Whiskey: The Analog Drink
Like most of the guys I grew up with in Nashville, by the time I went to college I’d had more than a few pleasant, and then suddenly very unpleasant, encounters with alcohol. And I had learned quickly (and incorrectly) that the harshness of a drink was a function of its efficiency in getting you stark-raving smashed, with light beer and white wine sitting quietly at one end and whiskey at the other, standing with a smile and a baseball bat. Even then I was someone who wanted to relish the buzz over the blitz, so I gravitated toward the former, especially since the whiskeys I encountered as an underage drinker usually came in gallon-sized plastic jugs, with an ease and cheapness of purchase directly proportional to the difficulty I had in keeping down more than a few shots at a time.
Then, during the summer after my sophomore year in college, I was back home with very little to do besides play golf with my grandfather. One day we were having lunch at his house, and he offered me a drink of bourbon. There is a myth that all Southern gentlemen are connoisseurs of fine barbecue and whiskey. To know Poppy was to know that this was not in any way true. A slightly paunchy man with big ears and a broad smile from Greenwood, Mississippi, my grandfather had a lifelong love of 1950s bachelor food—pear and mayonnaise salad, Spam—and a closet full of half-empty bottles of whatever had been on sale one day at Frugal MacDoogal’s Liquor Warehouse. None were good enough to finish, so they built up like sediment in a prehistoric lake. But recently he had taken a shine to a whiskey called Blanton’s, a pricy “single-barrel” bourbon that came in a ball-shaped bottle with a metal racehorse on the stopper, looking for all the world like the Holy Hand Grenade of Antioch from Monty Python and the Holy Grail. It cost him a bit more than Jack Daniel’s or Jim Beam, but, he said as he poured me a finger, he liked it.
I loved it. Blanton’s, which is made by Buffalo Trace in Frankfort, Kentucky, was and is a fantastic drink, approachable and enjoyable but still complex. I had never had anything like it, and it threw open windows, not just onto the world of good whiskey but onto the very existence of gradations of food and drink, onto the fact that there were burgers that tasted nothing at all like those at McDonald’s, that not all coffee comes from a can. In these days of foodie culture, we take such notions for granted. But for me, in suburban Tennessee in 1996, it was a revelation.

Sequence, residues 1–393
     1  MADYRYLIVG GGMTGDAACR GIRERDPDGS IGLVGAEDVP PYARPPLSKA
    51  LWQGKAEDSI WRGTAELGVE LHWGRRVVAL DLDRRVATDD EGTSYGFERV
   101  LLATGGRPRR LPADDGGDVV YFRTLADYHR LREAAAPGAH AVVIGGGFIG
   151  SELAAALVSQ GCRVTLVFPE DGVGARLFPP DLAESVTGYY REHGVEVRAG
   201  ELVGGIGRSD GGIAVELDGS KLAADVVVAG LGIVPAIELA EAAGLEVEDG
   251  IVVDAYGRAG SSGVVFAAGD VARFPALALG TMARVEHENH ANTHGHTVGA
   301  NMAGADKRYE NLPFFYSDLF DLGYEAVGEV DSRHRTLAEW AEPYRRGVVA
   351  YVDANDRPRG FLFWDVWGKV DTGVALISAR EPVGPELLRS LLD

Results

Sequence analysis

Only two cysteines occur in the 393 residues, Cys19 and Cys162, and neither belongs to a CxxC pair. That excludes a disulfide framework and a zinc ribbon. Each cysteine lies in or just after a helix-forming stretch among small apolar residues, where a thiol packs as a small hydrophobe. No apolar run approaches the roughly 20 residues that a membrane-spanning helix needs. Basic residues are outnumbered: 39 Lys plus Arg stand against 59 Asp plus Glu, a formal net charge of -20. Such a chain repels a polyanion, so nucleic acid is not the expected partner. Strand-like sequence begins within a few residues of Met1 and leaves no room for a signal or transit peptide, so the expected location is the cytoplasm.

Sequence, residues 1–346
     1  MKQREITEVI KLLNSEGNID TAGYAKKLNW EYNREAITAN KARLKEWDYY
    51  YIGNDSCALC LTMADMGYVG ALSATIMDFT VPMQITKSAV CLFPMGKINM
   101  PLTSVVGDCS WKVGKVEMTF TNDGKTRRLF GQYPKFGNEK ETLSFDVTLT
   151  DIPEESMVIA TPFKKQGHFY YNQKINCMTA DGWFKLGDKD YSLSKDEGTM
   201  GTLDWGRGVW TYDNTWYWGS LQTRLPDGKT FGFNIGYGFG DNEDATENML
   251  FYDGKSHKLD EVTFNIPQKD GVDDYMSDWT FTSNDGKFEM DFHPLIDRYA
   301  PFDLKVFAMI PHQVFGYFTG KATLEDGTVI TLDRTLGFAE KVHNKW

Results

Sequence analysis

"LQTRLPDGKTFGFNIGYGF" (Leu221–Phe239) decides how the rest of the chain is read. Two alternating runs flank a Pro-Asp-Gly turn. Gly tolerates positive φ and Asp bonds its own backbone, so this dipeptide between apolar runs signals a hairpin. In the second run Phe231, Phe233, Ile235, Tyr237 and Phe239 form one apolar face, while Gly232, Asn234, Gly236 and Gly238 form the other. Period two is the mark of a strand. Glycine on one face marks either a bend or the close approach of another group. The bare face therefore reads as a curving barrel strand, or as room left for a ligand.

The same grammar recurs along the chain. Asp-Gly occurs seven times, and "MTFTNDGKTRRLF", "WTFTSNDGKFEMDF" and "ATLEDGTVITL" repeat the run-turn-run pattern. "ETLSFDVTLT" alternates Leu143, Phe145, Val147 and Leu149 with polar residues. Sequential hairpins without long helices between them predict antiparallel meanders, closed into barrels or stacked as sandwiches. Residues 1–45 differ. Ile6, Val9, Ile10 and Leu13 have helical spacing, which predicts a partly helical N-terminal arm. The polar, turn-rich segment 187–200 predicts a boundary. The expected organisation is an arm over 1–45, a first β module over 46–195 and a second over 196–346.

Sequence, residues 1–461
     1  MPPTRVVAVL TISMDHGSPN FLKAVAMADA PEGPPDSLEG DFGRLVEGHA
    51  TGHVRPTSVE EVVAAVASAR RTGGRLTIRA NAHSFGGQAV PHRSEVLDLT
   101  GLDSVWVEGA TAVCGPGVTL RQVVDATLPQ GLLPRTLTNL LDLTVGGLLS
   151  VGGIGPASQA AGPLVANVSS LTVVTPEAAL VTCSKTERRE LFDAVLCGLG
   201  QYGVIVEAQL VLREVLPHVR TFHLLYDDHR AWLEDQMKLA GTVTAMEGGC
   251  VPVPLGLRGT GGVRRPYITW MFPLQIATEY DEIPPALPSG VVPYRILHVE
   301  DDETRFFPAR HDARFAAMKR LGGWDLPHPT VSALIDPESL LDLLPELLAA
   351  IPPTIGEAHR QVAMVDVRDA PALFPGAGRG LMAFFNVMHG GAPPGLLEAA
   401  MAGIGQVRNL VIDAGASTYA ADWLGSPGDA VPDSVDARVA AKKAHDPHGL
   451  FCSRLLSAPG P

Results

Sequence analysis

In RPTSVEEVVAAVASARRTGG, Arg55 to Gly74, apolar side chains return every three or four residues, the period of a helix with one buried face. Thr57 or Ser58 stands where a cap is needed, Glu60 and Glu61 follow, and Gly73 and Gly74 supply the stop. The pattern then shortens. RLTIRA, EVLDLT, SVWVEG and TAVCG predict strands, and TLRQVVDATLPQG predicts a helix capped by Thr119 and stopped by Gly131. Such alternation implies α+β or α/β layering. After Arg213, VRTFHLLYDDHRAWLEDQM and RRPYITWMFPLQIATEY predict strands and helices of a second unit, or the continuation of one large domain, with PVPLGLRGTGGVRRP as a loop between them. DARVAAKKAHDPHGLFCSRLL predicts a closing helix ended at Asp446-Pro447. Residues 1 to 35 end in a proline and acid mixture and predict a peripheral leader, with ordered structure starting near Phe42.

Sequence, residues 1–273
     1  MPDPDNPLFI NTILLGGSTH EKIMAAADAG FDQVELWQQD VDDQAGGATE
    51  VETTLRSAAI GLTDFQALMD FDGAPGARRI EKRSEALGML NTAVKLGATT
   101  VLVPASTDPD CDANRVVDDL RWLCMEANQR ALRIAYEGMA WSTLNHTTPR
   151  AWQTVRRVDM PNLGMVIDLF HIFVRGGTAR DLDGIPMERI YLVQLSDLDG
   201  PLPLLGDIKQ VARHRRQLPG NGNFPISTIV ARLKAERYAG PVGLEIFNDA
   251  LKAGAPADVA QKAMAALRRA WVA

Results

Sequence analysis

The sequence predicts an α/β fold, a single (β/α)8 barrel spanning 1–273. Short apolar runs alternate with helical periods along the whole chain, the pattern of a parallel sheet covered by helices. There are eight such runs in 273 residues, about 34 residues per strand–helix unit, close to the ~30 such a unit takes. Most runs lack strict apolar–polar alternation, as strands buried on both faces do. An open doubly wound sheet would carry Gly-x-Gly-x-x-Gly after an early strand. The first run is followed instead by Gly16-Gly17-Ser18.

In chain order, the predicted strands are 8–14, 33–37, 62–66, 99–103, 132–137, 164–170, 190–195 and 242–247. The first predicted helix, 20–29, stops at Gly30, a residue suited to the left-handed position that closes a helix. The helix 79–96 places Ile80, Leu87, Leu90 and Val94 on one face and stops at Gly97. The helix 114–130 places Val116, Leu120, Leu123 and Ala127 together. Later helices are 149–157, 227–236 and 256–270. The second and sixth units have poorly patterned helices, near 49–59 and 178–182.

I’ve never stopped loving bourbon, but my reasons have evolved. Taste remains paramount; from notes of vanilla and caramel to pepper and cinnamon, from the thick and chewy whiskeys to the brisk and clean ones, bourbon combines all my favorite flavors into a compact alcoholic package.
But there’s more. Price, for one thing. Unlike Scotch or French wine, a great bourbon can be had for the price of a movie ticket, and even the most heavily mass-produced brands can be nuanced and exciting. There is an unfounded belief that the relationship between big and little whiskey makers is closely analogous to the one between Big and Little Beer—namely, that Big Whiskey from places like Heaven Hill or Buffalo Trace is made with subpar ingredients to produce a bland product that is then foisted on unassuming consumers by millions of dollars in advertising budgets, and that the small guys are all making a whiskey that is obviously superior, if only you’d try it. Not so. I have had many fantastic craft whiskeys; I’ve also had some terrible ones. But get a few drinks into a craft distiller, and he’ll admit that by and large, the stuff coming out of the big distilleries is Grade A terrific, the sort of thing he either aspires to make or does everything to avoid replicating, because really, how do you improve on perfection?
I also like bourbon because I’m a proud American, and these days there’s not a whole lot to be proud of, especially when it comes to the admittedly narrow metric of whether we still make anything worth buying. There was a time when America made everything, and made it with pride and precision. But today: Cars? We used to manufacture great cars. Now GM recalls 10 million at a time because someone ignored a basic defect in the ignition. Computers? Mostly made overseas, and they seem to fail the day the warranty wears out. Airplanes? Okay, we still make good planes. There are a few other things: diesel engines, precision machine tools, guitars.